Cesare Fiorio is the son of Sandro Fiorio, former chief of the public relations department of Lancia. He began racing with Fiat, winning the Italian GT championship in 1961. He also entered the Monte Carlo Rally, but the race ended with an accident; this was his only rally he competed in.
He obtained a degree in political science. Soon afterwards, in February 1963, he joined the Lancia management and established a racing team which he called HF Squadra Corse, which would become one of the most successful rally teams. Lancia was initially not keen on racing, and Fiorio wanted to change this attitude: he started preparing some Lancia Flavias, which entered many local rallies, obtaining some victories. In 1965, the team became a semi-works operation, and began hiring talented engineers to improve the Flavias; finally, in 1967, Ove Andersson won the Spanish Rally and Sandro Munari won the Tour de Corse.
In 1969, the team was moved to the Lancia factory to become its official motorsport department; that year the team won the European title with Harry Kallstrom, beating other manufacturers such as Alpine, Ford and Porsche. Soon afterwards, Fiat bought the Lancia company, but Fiorio was left at the head of the team. In 1972 Munari won the Monte Carlo Rally and the team won the International Championship for Manufacturers; the following year Munari won the European Rally Championship title. Fiorio then began to push Lancia to develop the new Stratos and managed to get a supply of Dino engines from Ferrari. The car proved to be successful and Lancia won the 1974, 1975 and 1976 World Rally Championship manufacturers' titles. At the same time Fiorio was an active powerboat racer, winning 31 races, six European and two World titles in his classes. Lancia was also involved in sportscar racing since 1979 with the Monte Carlo model, followed by the LC1 and LC2 prototypes; Lancia won the World Championship for Makes in 1981 and the program continued until 1985.
In 1980 Lancia even discussed building a turbocharged F1 engine for Toleman team but nothing came of this; rallying then remained the focus with the Lancia 037 model, which won the World Championship in 1983, followed by the Delta S4.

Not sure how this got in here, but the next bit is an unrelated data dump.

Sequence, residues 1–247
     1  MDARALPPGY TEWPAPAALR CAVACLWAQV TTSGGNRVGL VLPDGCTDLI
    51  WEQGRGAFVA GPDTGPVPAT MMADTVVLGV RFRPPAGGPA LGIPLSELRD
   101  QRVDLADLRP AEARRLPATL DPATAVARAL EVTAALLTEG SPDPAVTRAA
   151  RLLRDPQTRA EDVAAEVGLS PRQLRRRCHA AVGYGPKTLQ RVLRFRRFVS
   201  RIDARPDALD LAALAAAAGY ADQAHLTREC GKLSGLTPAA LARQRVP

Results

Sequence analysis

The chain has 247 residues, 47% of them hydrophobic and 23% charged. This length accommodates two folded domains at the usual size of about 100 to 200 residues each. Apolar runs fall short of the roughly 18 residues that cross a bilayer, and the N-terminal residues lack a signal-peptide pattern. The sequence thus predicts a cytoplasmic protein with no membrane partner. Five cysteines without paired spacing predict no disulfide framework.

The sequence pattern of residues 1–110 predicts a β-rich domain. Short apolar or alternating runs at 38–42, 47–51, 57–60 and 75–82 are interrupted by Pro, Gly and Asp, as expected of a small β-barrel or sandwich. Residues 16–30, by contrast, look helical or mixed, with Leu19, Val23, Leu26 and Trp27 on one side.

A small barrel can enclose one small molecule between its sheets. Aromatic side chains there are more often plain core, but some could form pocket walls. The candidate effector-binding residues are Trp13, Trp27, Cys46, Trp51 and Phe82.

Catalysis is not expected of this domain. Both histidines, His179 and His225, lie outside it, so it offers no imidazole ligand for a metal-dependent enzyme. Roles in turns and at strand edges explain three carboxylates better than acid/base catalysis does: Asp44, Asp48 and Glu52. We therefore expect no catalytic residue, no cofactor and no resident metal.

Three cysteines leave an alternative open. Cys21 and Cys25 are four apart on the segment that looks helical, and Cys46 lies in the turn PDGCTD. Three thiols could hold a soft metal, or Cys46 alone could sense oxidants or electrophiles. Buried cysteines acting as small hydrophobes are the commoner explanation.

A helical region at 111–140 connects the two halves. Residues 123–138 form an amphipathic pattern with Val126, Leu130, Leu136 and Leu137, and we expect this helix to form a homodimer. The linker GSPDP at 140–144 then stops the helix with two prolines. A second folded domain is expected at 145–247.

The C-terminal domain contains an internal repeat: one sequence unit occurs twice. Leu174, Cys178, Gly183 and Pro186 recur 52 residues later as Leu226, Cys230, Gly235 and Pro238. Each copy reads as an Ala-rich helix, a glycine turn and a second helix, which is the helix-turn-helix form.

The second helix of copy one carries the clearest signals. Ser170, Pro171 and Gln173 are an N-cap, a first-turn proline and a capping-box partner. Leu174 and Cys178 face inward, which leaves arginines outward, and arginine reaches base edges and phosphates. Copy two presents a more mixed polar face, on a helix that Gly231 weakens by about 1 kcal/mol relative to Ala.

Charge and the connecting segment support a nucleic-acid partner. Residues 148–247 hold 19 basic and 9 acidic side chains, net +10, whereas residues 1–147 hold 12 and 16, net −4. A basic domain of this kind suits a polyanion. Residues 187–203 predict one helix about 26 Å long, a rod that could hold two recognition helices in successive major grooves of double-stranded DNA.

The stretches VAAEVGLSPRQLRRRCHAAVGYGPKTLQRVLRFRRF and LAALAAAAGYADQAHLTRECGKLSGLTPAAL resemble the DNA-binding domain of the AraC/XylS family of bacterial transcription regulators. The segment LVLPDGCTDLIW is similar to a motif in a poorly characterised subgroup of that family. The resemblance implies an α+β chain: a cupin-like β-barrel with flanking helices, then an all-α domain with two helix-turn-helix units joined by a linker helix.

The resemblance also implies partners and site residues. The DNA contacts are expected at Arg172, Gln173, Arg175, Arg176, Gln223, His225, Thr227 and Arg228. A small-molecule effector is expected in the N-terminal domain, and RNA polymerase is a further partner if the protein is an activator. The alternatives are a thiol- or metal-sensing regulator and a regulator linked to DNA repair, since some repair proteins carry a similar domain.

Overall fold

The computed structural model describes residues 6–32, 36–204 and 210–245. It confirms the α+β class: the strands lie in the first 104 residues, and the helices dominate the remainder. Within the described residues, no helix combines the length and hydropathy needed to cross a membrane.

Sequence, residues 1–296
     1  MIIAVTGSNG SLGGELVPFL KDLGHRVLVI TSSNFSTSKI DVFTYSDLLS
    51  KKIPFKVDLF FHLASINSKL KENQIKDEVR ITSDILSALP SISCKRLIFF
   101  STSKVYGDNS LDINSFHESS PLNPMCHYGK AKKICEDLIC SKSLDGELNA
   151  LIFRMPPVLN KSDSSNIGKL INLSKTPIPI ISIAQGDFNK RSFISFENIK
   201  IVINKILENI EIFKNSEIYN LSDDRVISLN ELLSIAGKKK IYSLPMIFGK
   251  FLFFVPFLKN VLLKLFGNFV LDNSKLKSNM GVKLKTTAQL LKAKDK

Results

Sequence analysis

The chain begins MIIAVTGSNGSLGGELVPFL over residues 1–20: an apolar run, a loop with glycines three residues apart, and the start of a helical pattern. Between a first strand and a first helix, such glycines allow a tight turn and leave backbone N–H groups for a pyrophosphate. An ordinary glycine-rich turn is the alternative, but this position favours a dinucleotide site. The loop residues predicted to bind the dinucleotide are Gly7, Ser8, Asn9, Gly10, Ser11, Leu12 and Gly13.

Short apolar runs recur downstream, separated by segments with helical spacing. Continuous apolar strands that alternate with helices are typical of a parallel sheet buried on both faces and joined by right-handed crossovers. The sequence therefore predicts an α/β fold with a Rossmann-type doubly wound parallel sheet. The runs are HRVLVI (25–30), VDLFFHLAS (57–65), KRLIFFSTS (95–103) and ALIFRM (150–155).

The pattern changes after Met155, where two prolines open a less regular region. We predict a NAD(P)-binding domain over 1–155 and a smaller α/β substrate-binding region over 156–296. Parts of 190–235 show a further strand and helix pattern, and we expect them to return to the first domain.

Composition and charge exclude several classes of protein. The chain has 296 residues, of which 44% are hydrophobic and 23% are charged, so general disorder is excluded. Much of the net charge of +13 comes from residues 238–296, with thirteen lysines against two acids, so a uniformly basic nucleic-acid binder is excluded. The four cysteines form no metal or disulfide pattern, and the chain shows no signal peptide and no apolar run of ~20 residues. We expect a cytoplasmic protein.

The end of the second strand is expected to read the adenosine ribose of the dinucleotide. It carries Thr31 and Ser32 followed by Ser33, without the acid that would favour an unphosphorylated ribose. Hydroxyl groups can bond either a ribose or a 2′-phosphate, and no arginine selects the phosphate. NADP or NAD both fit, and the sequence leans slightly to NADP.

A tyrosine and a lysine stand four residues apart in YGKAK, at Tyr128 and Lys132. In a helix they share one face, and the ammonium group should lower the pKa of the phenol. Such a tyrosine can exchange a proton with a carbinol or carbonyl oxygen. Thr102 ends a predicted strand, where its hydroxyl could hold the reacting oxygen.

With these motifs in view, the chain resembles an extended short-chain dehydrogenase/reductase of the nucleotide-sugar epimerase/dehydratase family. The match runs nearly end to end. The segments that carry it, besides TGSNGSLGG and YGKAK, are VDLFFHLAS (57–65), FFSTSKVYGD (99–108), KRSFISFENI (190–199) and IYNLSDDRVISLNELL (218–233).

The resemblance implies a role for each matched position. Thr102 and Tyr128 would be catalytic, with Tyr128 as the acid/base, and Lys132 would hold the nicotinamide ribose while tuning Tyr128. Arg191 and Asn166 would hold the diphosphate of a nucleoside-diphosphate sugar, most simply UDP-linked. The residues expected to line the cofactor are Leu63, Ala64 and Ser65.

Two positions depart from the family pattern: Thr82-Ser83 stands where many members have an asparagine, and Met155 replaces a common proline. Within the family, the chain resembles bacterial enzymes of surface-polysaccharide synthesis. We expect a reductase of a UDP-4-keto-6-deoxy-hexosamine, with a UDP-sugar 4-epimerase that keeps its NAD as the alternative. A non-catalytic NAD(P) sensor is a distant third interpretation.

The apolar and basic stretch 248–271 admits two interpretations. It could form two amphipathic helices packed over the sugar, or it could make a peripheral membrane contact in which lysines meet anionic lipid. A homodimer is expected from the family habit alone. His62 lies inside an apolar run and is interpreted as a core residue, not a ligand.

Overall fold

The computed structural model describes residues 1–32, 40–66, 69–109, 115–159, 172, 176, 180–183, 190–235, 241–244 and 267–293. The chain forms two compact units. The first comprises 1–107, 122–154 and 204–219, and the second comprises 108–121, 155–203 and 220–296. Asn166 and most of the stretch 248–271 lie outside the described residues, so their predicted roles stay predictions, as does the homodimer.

In 1984 Fiorio was appointed head of the sporting activities of Fiat, and got a place on the board of directors of Juventus F.C. in 1987. When Fiat bought Alfa Romeo in 1988, he was appointed head of Squadra Corse Alfa Romeo, the racing department of this marque.
In 1989 he debuted as sporting director of Ferrari, with the hard task of making the team competitive again after some disappointing seasons in the mid-1980s; the team won the first race in Brazil with Nigel Mansell, and then again in Hungary and in Portugal, but poor reliability prevented the team from competing with McLaren and Williams. In 1990 Ferrari employed the reigning World Champion Alain Prost, and almost won the title, losing it at the Japan with the second of the infamous Prost-Senna collisions. Fiorio was sacked by Ferrari weeks before the beginning of the 1991 season, but only left after the team′s troubles at the 1991 Monaco Grand Prix.
In 1994 he returned to Formula One as team manager of Ligier, then owned by Flavio Briatore, but he was released the following year when Tom Walkinshaw took over the team. He was briefly involved with the Forti team in 1996 until its demise mid-season, and then returned to Ligier and remained there until the team was taken over by Prost and became Prost Grand Prix. At the end of 1998 he joined Minardi as sporting director and he remained there until the middle of 2000 when he resigned after a disagreement with team owner Gabriele Rumi.
In 1994, Fiorio was appointed Cavaliere della Repubblica Italiana. He is currently employed by the Italian TV station RAI.
"Cesare Fiorio". oldracingcars.com. Retrieved 24 March 2013.